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The Magic Cafe Forum Index » » Where to put it all... » » How many cases do you carry for your show?? (0 Likes) Printer Friendly Version

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Christopher Starr
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Heart of America
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I knew that this would be an interesting thread.

There are a great many magicians that subscribe to the "Pack Small - Play Big" style of performing. And for the smaller shows, like birthday parties, I suppose that is ok. In a living room situation, there isn't a lot of room to begin with.

However, if you do a larger act, with birds, illusions, box tricks, etc. you are going to want to take a serious look at packing and organization. For example, if you are doing an illusion, then you better have a decent ATA style case for it, and add casters to the bottom of it. That way you can pile other cases on top of it, and roll several items at a time into the venue.

Also, look into getting an inexpensive hand truck, or two wheel dolly.

You can find reasonable deals on cases. For years I used an ata style guitar case to carry all of the items for my one-man shows. I got the thing used from a friend who needed cash (a common plight amongst many musicians). I cut out the foam inside from the guitar shape to more rectangular, and had a great case, which stored my die box, linking rings, dove pan, accessories, etc., and I could carry the whole show in at one time. I purchased a folding keyboard stand, and rested the case on it. Now I could access it during the show while standing. That case, and a side table, and I had it made.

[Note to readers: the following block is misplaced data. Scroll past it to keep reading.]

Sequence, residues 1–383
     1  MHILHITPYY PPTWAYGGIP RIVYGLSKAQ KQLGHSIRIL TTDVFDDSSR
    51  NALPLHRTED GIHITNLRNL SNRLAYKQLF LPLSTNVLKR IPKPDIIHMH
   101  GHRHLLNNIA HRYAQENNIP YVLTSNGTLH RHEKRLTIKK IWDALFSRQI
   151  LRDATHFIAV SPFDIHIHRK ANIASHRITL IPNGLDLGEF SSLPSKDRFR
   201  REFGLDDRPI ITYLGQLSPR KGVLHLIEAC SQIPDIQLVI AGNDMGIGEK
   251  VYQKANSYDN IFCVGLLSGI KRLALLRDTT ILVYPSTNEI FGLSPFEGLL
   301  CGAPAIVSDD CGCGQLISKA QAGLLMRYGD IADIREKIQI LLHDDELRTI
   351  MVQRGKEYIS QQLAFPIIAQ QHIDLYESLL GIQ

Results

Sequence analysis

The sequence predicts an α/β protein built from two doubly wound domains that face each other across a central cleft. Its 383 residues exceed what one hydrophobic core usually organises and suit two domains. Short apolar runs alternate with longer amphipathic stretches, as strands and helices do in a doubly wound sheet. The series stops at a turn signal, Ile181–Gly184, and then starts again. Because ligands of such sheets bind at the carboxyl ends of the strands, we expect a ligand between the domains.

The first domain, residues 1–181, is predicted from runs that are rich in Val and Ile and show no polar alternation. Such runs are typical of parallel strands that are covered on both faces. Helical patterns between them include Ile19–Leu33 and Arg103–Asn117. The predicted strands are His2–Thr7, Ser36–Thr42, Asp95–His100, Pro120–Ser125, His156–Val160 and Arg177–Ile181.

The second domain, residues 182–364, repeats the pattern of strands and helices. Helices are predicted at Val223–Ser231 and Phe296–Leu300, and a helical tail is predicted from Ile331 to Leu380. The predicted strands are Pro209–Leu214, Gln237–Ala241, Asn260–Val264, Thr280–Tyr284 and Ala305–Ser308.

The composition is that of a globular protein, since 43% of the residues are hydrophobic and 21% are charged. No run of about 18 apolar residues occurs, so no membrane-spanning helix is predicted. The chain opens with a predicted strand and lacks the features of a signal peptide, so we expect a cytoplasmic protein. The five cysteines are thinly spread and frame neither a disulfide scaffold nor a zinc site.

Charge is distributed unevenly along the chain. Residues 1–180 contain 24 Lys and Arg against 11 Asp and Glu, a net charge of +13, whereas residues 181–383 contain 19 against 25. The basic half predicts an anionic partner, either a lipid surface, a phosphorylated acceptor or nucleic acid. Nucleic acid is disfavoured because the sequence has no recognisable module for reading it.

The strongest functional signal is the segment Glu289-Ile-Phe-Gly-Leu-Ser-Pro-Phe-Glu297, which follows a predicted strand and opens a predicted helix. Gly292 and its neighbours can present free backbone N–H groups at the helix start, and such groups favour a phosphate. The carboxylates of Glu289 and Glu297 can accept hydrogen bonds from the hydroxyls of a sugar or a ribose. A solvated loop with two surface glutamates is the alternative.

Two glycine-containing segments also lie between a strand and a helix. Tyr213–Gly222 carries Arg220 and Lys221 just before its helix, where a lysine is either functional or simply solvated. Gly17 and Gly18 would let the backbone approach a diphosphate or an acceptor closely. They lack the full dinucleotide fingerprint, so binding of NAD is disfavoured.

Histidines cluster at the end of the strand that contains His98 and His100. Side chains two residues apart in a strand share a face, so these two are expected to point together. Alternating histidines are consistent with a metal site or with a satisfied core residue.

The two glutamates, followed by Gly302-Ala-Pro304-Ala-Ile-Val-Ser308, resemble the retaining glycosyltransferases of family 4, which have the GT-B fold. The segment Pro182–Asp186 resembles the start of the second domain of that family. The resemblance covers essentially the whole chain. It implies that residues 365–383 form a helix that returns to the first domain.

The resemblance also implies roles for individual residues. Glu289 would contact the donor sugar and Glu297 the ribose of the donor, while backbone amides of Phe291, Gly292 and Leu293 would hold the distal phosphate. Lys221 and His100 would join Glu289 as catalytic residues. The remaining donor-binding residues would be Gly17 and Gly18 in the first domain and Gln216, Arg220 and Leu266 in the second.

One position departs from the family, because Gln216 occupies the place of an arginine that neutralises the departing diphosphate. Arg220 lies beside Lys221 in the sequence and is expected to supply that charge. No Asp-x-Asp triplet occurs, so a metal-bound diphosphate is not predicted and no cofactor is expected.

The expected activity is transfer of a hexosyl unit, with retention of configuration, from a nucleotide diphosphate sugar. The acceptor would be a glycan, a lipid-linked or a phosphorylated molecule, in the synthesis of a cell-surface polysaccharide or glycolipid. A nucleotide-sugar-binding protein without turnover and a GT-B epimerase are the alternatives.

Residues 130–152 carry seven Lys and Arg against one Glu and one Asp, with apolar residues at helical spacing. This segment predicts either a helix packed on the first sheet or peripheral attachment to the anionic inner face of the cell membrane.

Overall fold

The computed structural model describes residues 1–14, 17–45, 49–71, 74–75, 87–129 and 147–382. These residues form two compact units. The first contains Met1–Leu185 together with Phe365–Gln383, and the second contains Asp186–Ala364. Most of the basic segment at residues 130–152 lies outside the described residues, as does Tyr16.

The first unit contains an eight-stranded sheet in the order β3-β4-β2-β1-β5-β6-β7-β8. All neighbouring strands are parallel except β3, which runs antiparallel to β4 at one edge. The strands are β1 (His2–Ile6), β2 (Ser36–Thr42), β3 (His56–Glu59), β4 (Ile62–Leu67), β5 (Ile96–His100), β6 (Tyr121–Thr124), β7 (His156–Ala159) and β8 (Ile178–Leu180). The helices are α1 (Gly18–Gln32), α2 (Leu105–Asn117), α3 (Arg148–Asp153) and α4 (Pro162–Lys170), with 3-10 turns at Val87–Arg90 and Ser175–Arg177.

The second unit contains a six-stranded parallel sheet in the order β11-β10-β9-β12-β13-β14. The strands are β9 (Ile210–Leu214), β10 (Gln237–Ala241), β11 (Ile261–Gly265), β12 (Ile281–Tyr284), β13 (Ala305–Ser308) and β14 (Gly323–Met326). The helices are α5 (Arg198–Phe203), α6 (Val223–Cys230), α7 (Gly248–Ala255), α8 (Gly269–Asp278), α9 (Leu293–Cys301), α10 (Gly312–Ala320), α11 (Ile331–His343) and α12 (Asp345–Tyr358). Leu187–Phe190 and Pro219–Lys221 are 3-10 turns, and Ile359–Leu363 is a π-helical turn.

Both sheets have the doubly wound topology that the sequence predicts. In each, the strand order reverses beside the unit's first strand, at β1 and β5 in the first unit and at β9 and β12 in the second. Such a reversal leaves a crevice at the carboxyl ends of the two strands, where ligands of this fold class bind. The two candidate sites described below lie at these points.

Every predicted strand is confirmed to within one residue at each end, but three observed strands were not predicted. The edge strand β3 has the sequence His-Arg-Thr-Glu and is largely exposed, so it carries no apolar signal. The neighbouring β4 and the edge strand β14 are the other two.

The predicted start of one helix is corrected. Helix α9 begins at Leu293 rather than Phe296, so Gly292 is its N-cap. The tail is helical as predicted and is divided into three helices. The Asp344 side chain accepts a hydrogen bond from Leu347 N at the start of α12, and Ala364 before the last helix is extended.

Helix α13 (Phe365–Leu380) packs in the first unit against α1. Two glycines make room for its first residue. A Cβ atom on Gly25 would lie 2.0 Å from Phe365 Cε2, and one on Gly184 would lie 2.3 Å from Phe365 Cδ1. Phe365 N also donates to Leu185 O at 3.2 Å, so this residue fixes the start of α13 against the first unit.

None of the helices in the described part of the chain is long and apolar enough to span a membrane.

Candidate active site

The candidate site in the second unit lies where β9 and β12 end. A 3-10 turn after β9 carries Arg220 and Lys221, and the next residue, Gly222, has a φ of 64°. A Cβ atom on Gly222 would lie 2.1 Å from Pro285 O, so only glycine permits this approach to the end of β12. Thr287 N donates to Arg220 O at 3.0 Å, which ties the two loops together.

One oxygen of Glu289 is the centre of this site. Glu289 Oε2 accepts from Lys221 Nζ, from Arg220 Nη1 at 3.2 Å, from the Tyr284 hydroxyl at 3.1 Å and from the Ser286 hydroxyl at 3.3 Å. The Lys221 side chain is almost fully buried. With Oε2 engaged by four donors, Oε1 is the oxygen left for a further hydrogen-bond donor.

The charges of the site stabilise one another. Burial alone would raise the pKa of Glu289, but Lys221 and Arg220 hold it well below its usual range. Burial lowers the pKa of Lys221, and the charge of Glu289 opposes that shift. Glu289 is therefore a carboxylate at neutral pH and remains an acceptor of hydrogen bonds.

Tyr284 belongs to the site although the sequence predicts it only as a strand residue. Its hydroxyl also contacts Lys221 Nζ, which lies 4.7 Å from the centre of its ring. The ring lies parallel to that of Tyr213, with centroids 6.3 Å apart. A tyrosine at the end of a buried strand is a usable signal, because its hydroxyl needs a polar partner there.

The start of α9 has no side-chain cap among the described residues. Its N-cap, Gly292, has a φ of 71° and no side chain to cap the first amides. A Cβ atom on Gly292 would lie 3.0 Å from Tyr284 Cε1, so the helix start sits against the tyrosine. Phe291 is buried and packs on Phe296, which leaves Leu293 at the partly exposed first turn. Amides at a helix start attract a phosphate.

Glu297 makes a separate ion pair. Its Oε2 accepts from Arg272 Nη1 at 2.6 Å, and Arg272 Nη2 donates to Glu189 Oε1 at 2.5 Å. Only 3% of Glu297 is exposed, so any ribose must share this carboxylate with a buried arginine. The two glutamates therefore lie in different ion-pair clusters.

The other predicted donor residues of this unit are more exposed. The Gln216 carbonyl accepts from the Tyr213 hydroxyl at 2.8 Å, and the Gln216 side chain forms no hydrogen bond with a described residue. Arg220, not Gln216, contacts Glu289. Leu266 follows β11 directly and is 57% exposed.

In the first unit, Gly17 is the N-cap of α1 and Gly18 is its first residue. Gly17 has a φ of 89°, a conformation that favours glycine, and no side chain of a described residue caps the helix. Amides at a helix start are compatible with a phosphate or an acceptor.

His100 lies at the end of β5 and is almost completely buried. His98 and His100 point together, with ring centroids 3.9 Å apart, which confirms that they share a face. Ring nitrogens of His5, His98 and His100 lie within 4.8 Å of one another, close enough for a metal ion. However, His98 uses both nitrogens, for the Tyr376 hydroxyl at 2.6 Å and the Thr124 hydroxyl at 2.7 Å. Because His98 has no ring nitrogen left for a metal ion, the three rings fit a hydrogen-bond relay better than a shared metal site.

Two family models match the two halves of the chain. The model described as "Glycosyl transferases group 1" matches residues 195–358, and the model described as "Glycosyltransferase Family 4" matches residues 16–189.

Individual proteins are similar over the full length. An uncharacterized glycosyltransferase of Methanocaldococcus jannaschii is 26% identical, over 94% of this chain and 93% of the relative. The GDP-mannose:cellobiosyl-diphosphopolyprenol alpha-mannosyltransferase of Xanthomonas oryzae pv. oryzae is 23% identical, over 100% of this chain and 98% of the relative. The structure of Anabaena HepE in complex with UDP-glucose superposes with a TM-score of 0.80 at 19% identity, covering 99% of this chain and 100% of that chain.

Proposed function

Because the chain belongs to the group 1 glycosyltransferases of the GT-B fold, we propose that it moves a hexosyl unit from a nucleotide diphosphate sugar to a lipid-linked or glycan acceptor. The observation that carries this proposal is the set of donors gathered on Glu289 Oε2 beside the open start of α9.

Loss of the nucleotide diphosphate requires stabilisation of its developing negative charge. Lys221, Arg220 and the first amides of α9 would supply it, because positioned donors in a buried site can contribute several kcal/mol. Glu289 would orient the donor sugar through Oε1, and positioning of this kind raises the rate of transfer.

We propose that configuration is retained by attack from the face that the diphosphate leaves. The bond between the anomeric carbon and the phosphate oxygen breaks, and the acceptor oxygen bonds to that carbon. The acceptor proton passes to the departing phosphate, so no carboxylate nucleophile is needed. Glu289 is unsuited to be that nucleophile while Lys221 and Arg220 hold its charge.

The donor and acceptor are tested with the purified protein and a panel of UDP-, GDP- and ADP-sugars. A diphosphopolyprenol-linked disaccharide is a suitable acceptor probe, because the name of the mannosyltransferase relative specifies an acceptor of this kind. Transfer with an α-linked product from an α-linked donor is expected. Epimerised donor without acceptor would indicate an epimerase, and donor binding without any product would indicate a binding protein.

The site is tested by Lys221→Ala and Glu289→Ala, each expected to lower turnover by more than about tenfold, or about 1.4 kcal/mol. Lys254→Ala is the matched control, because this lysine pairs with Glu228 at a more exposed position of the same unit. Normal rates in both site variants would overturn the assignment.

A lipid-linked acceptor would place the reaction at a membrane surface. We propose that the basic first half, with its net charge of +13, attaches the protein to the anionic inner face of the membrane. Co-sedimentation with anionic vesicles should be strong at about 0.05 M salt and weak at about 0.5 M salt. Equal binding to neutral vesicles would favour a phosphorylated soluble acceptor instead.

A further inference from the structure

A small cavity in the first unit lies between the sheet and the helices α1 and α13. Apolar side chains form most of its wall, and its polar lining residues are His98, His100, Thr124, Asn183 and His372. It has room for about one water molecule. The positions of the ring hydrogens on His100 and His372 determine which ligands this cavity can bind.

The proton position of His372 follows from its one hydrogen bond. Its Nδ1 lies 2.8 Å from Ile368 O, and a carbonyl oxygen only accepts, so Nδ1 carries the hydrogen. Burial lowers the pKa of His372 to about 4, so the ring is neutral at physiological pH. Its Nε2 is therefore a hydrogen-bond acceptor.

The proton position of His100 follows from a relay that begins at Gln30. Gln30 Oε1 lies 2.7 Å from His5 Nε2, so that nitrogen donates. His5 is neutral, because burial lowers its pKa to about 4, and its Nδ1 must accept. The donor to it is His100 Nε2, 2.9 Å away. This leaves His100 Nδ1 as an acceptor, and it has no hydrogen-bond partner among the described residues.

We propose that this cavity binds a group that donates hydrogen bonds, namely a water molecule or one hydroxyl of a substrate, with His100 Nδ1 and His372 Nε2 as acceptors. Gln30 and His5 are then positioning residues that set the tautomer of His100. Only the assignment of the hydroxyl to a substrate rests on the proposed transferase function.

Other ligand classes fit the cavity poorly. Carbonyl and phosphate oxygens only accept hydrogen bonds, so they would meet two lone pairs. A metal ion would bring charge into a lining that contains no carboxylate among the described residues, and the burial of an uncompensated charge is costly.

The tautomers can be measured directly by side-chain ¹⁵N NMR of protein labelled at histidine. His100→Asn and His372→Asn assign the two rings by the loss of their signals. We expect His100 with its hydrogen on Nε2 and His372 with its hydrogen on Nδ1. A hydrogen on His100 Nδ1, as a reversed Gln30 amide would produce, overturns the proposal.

Regan
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U.S.A.
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Hey Chris,

Those keyboard stands are great. I forgot to mention them, but I sometimes take 1 or 2 of those to my shows. I use them to sit my footlocker cases on. One is my puppet case, and it makes it easy to work right out of the case.

Great post, except for the part about the needy musicians...I am one of those myself..,musician, that is, not a needy one at the moment. HAHAHA Smile

Regan
Mister Mystery
indysmagic
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cherokee, tx
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After trying many cases and not finding just the right case, I decided to take the plunge and have one made. I layed out my birthday show props and designed a case around them. I went to a local ATA case builder and gave him my plans. He made some suggestions that I didn't think of and now I have the perfect case- for me.

It is ATA style, rolls in with a retractible handle, and has built in wheels. It has built in shelves that fit my props so I can roll in, open up (it opens like a fridge)and perform. The tricks go right back to their little cranny as I perform so that I can close and go after the show. It acts as a case/table.

It cost me around $500 to have made. It looks good, does exactly what I need it to do and fits me. It has been the best money I've spent in magic.
afun14u
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Tennessee
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I too, feel too many, however, just can't live with out them. When I signed off my last ship I only had 21 ATA cases plus my luggage. Most of the ATA's were actually small enough to put a person in too. Now I keep up with my cases and props with an inventory list - not really sure how many I now have. Still I love it.